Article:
When we bought the 5-year-old split-level house we now call the TreeHouse back in 1987, we were pleasantly surprised to find wall-to-wall carpeting in every room except the kitchen and the bathrooms. Our first house on Grant Place in Lexington was an antique (1820s vintage) fixer-upper with wide-pine floors and poor insulation, so we looked forward to the comfort, warmth, and relative quiet of wall-to-wall carpeting. There were many things about the new house that we wanted to change when we got the time and money to do so (hideous wallpaper in the living room being on the top of the list), but the carpet was a good color – speckled brown – to hide dirt and other spills from small children and clumsy adults.
Fast-forward twenty-six years. Many of the house upgrades on our list have been taken care of (ditching the living room wallpaper was one of the first), but the original carpet still remained, 31 years after installation. It had worn bare in spots on the stairs, so we installed a stair-runner carpet on top of the worn-out carpet a number of years ago to cover up the visible wear; the carpet pile had crushed and worn thin in the hallway so that the vacuum height setting for the center of the hall was unusable along the edges; the butt-line strip where the carpet met up with the kitchen linoleum in the dining room had worn out and been replaced – twice. But living with kids – and eventually a dog – we just couldn’t bring ourselves to spend money on new carpet when it would continue to be abused by our everyday life.
But now the kids are adults (one has carpet of her own to worry about) and the dog has been living by that big hydrant in the sky for four years now, so it was time. We shopped around a bit and decided to go with the flooring company that’s been advertizing heavily for the past few years (LUNA), picked out a Mowhawk brand carpet that was very similar in color to the previous carpet (why mess with success) and the best under-pad we could get, and scheduled the install for a Wednesday in late October. The salesman said that the installers would move furniture as part of the install, but we had to get all the non-furniture stuff out of the rooms to be carpeted; lamps, electronics, books, CDs, breakables, appliances, nick-nacks, tchotchkes, contents of closets, etc. It’s amazing how many non-furniture items weasle their way into your living space without notice!
About four days prior to the install day we began the migration of non-furniture items out of the pending “war-zone.” Since almost every room in the upstairs of our split-level was getting new carpet, there weren’t many “safe” places to park things; bathrooms (the bathtub was prime parking space), kitchen (but we still had to live here so that couldn’t be over-packed), and Lynn’s quilt studio (a former bedroom that got laminate flooring 6-8 years ago to keep pins from hiding in the carpet). We packed up our collection of 2000+ CDs in a manner that would hopefully assist in their return in the same or similar order, emptied four closets into either the family room downstairs or Goodwill donation bags (there were a lot of those), I cleaned off and organized my bureau (also known as a horizontal waste-basket) and disconnected and semi-disassembled the stereo tower cabinet. It took us all four days, but we made it… barely.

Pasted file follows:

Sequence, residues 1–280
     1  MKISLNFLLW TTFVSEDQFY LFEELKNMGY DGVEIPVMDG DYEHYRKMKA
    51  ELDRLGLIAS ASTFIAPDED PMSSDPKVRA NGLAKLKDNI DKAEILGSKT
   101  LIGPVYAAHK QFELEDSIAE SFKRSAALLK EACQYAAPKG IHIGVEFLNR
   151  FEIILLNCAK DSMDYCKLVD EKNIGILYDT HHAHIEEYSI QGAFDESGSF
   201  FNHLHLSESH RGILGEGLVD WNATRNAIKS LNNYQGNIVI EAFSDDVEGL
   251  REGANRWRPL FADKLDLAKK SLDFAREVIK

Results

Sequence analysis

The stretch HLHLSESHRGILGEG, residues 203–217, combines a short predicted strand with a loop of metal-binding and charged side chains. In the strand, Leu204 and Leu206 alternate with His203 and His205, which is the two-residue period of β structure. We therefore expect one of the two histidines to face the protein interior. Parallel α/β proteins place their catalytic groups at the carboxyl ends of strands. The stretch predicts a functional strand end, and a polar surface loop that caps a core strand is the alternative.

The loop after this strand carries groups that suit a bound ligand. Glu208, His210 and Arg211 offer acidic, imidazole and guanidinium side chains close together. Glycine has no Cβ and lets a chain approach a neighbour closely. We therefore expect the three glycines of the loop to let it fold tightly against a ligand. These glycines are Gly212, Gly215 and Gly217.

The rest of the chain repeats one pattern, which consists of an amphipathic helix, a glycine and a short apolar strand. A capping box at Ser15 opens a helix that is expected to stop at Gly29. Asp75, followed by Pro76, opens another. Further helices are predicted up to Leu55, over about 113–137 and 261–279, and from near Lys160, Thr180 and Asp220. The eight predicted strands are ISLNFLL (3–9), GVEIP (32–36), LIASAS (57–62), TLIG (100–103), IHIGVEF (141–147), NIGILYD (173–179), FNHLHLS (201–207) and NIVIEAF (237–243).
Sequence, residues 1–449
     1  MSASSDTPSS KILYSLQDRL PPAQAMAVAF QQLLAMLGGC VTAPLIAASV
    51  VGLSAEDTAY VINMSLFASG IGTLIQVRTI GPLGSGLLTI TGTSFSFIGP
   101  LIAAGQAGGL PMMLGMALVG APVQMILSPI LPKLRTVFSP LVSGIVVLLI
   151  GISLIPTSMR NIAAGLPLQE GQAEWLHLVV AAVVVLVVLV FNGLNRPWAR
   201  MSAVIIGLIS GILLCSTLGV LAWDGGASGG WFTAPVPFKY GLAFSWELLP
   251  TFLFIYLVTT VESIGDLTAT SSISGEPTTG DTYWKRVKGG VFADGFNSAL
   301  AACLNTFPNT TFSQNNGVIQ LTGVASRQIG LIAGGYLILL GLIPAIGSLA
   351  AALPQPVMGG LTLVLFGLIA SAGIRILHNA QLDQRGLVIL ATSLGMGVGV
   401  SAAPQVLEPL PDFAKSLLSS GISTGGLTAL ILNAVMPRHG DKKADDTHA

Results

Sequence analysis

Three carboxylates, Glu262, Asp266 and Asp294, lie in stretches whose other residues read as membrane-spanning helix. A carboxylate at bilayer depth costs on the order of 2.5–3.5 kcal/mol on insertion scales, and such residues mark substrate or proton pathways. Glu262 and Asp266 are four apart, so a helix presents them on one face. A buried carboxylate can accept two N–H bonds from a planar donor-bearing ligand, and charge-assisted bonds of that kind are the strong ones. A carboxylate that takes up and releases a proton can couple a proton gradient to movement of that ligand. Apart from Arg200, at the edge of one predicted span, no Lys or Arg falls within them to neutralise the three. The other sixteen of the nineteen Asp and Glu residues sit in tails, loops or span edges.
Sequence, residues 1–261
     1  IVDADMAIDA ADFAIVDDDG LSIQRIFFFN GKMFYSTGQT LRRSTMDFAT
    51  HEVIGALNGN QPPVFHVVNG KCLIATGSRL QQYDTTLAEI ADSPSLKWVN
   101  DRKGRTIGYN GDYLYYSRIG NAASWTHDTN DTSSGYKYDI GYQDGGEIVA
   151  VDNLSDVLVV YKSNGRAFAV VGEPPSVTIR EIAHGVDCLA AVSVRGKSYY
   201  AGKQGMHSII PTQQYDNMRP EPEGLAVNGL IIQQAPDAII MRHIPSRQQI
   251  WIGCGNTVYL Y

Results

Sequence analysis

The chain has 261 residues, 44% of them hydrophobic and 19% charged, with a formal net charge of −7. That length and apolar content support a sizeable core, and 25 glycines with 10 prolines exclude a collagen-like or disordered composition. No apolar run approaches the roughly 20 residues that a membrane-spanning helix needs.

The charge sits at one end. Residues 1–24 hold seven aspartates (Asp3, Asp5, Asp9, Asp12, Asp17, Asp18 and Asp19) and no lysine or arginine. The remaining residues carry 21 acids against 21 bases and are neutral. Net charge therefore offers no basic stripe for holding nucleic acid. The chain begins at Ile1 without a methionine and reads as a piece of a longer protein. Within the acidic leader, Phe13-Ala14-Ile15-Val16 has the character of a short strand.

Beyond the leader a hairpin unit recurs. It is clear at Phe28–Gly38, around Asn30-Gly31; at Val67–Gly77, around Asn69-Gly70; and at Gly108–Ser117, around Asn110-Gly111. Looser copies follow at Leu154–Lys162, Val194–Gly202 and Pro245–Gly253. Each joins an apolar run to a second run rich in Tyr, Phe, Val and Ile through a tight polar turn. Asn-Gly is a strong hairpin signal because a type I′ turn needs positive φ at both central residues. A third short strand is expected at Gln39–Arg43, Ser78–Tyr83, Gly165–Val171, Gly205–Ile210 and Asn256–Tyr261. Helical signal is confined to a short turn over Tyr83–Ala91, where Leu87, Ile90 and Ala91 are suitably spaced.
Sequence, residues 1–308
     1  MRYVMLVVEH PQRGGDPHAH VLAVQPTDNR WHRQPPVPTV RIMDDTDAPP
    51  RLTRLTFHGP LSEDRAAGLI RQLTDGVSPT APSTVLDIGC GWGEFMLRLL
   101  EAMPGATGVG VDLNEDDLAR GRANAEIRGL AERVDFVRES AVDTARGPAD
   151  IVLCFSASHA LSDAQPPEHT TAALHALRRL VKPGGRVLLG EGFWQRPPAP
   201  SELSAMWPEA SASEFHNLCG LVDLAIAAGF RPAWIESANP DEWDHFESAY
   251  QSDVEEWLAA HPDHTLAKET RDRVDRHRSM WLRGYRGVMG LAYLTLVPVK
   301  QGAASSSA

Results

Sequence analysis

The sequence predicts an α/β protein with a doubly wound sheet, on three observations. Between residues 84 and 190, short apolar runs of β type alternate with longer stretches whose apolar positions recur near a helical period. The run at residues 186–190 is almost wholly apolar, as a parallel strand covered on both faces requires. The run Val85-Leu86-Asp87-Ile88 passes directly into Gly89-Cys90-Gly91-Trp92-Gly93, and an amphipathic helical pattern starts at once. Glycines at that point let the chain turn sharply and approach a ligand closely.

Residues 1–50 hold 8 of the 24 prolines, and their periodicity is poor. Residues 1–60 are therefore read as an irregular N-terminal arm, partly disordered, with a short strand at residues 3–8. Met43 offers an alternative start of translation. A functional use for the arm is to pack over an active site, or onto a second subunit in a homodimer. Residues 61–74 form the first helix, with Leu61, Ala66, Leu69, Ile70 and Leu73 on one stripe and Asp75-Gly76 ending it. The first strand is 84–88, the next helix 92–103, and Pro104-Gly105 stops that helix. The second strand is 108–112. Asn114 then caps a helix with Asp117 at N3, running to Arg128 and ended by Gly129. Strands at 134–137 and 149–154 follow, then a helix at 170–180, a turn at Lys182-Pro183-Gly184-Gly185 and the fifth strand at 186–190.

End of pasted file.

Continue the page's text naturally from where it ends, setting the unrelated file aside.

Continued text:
The last step for us was to mark on the old carpet where all the floor-squeaks were (places where the nails holding the plywood underlayment had loosened) so I could slice openings to expose the underlayment and insert 4″ big-head screws in flush with the plywood to pull the underlayment down tight to the joists. I bought a box of 50 screws and used about 35 (we had a lot of squeaks).
The day of the install arrived and two pleasant hispanic gentlemen showed up in a cargo van (just two??) about 10 a.m. One spoke some English, the other not so much. They introduced themselves and got to work measuring everything one last time. After moving most of the furniture from the living room and dining room into the back of the dining room and all the furniture from the master bedroom into the guest bedroom, one got to work slicing up and pulling up the old carpet and what was left of the old pad (not much), and hauling it out to the cargo van. The other hauled rolls of carpet out of the van, and began rolling it out IN THE STREET (!) to cut it to rough size! They vacuumed up 30 years of dirt that had sifted through the old carpet and pad before laying down the plush new pad and then the new carpet on top. The room was wider than the carpet roll, but the seam they made between the two pieces of carpet completely disappeared like magic. One worked in the living room, and the other worked on the other end of the house in the master bedroom. They worked inward toward each other, meeting at the top of the stairs. Then one of them worked on carpeting the stairs (a much more involved process than flat floor carpet laying) while the other worked cleaning up and vacuuming the new carpet, putting the furniture back in place, etc.
They finished up a little after 6pm, gave us our receipt and a number to call to pay for the install by credit card, and were gone. The carpet looks and feels great, the install looks high-quality, and surprising to us there is no telltale odor from the new carpet at all. We were expecting that we’d be living with all the windows open for a few days or more to let it air out, but there was no need!
The only thing left to do – and it will be on-going – is to sort out all the books, breakables, nick-nacks, tchotchkes, etc. to figure out what needs to be put back and what can be parted with; a start to the decluttering required before we move to Maine permanently in a few years. That process will take years!